I just checked my Security logs on our remote access server and found the following. Is someone trying to hack my remote access server? as the ip looks like its coming from Korea?
Log Name: Security
Date: 15/08/2013 00:37:44
Event ID: 4625
Task Category: Logon
Keywords: Audit Failure
An account failed to log on.
Security ID: SYSTEM
Account Name: SERVERNAME$
Account Domain: DOMAIN
Logon ID: 0x3e7
Logon Type: 10
Account For Which Logon Failed:
Security ID: NULL SID
Account Name: administrator
Account Domain: SERVER
Failure Reason: Unknown user name or bad password.
Sub Status: 0xc000006a
Caller Process ID: 0x8b8
Caller Process Name: C:\Windows\System32\winlogon.exe
Workstation Name: SERVERNAME
Source Network Address: 126.96.36.199
Source Port: 3637
Detailed Authentication Information:
Logon Process: User32
Authentication Package: Negotiate
Transited Services: -
Package Name (NTLM only): -
Key Length: 0
Quite possibly... keep an eye on it. If it persists you might be able to get your firewall configured to drop packets from it.
We've had our PaloAlto running in the wild for 3 days on our new connection and we're getting about 300 attempts a day to brute force the external management interface Its not going to work as the external interface won't accept connections except from specified addresses. We're also seeing attempts on our webserver, MIS external server, and mailserver from both smtp attempts and http. None of it is working as the Palo is cleverer than that!
We use the SWGFL for our filtering and firewall and they just suggested to change the system account name and password to something complex as well as keeping an eye out for any user accounts that may have been created.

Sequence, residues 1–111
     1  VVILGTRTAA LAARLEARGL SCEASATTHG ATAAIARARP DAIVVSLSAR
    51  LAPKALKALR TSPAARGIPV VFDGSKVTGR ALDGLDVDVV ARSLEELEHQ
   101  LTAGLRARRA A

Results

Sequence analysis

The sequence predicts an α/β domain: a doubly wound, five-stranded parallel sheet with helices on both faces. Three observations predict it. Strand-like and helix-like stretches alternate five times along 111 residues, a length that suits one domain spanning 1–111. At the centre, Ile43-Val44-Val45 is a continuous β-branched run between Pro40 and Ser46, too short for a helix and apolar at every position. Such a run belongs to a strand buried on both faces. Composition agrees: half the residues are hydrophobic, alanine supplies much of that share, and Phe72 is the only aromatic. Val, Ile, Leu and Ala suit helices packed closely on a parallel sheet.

Interestingly i have found IPs for Basildon in essex, London and hungary!
There are compromised systems out on the internet that will scan whole ip blocks looking for open ports to well known services (SSH, Telnet, FTP, Netbios, Kerberos, SIP, NIS, HTTP, etc) and once they find a system will attempt to brute force it via dictonary attacks. It's just a fact of life on the internet these days. So as long as you have your firewalls setup right it should not be an issue. On my Linux boxes I go beyond this though. I have IPTables rate limits, fail2ban, etc setup so these scans don't waste too many system resources..
Sounds me to like there is a device with conficker, I seem to remember that was a culprit for this.
Theres nothing showing in Sophos enterprise console though.
Originally Posted by glennda
But they are awful at detecting it, it could be somebody else's device, CCTV server anything.
Originally Posted by techie08
How was the attack vector for this server exposed - RDP?
Are there multiple instances of this event or just the one?
Yes it was. I have since blocked the RDP port on the firewall.
Originally Posted by Ephelyon
Did the event occur more than once?
Just slightly, every 2 seconds!
Does sound like a potential automated brute-force then...
There is this tool out on github call ts_block... Might want to look into it.